Beastfolk (3.5e Race)
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Anthropomorphic races for the d20 system’s Dungeons & Dragons 3.5
Dungeons & Dragons and related material is copyright Wizards of the Coast, Incorporated. This work is copyright Gideon Kalve Jarvis and may be distributed and reposted freely (and this author encourages it), so long as the author’s name is retained in the reposting.
Whether through the machinations of wizards or the meddling of the gods or simply the quirks of fate, a world can quickly become awash in sentient species, each one trying in its own fashion to find and defend a niche, however small and specialized. Of these many sentient species, a great many take traits from the nonsentient animals, or are related to them directly. The races below are a collection of several of the more common of these beastfolk. Unless otherwise noted, the races below use the human charts for aging.
In game terms, the following races were developed for Wizards of the Coast’s 3rd Edition Dungeons & Dragons system, using the D20 rules, as a way to provide an opportunity for “furry” fans to play out some of the species they most enjoy, all of which have been designed for use starting at first level, without need for any level adjustments. Some of these races may not work in a given campaign, while others will fit without need for serious modification. Naturally, since this is a non-profit work, the information here can be taken and modified to suit the individual needs of a given campaign without incident, so long as some credit is given to the author.
To add a species to a game world, especially to an established game, having these new races suddenly pop out of the woodwork can be problematic, but there are a few ideas on how to integrate them. First, the new species could come from a distant and unknown area of the world, and only recently have been discovered or started to set out into the world at large. Another option is that the race has always been around, but in such small numbers or in such insignificant roles that they weren’t of sufficient importance to draw any attention until recently, when their present population or social situation changed sufficiently to draw attention to them. Finally, the race might have just appeared in the world, either coming from another dimension or world, or having just been created, by gods, meddling mortals, or any number of different methods.
For those players wishing to add even more variety to their games, the official Wizards of the Coast work, Savage Species, can be invaluable in turning monster races into playable characters, though the rules in that volume sometimes requires a little tweaking for perfection in a given campaign. Later writings in this vein may (if there is any interest shown) include a listing of these races, as well as their statistical information. Also, the various “Races” books (Races of Stone, Races of the Wild, Races of Destiny, Races of the Dragon, etcetera) are also very useful resources for playing a variety of new and interesting species, some of which only require the lightest tweaking in order to turn them more “furry” in nature, if they are not already so (as I do with Raptorans and Catfolk, from Races of the Wild, in making the birdfolk and the urban catfolk, presented below).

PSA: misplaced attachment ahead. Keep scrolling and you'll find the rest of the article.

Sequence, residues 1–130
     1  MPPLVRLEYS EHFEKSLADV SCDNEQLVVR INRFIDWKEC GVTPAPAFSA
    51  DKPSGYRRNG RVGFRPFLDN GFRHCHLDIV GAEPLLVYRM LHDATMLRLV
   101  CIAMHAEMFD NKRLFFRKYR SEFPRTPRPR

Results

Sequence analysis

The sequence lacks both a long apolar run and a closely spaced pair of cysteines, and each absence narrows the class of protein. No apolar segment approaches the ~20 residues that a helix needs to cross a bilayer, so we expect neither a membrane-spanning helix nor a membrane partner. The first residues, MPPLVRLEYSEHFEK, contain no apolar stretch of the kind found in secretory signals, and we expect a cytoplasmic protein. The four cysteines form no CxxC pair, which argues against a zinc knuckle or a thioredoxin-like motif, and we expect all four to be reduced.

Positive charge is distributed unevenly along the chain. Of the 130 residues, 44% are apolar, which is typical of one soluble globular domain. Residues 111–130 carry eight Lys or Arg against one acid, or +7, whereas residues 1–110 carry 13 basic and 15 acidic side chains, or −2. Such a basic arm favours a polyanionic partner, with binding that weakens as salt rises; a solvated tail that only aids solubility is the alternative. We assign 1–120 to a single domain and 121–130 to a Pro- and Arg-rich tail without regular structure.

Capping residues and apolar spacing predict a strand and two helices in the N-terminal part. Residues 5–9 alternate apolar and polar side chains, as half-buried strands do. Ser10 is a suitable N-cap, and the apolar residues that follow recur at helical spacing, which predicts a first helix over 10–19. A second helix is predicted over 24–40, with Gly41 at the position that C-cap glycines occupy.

While writing up some races, the race had an affinity for more than one favored class. In the case of more than one class being listed (some from the “Complete” series of class books, some from the Miniatures Handbook, and some from The Player’s Handbook II), the player may select one of these classes as the favored racial class, after which the other is considered a normal multiclassing option like any other class.
As a final note, I am aware that there are more species out there which I have not covered here, and which many people love. I am also aware that while writing up the advantages and disadvantages of various species that I have skimmed in places, or left out sections of an animal’s characteristics. Most of this was done for the purposes of game balance, so that the races listed below could be used as starting level characters. Of course there is also a certain element of forgetfulness on my part, and for this I apologize in advance. If any user of this material wishes, they are more than allowed to make the needed adjustments themselves for their games. Or you can send me a rewritten version of an existing species, or a request for a species which I missed, and I will be more than happy to look it over, and do what I can to include it when I write a second installment of this work. Naturally, the more information about an animal included in the request for addition of a new species or modification to one already presented here, the easier it will be for me to turn it into a Player Character race.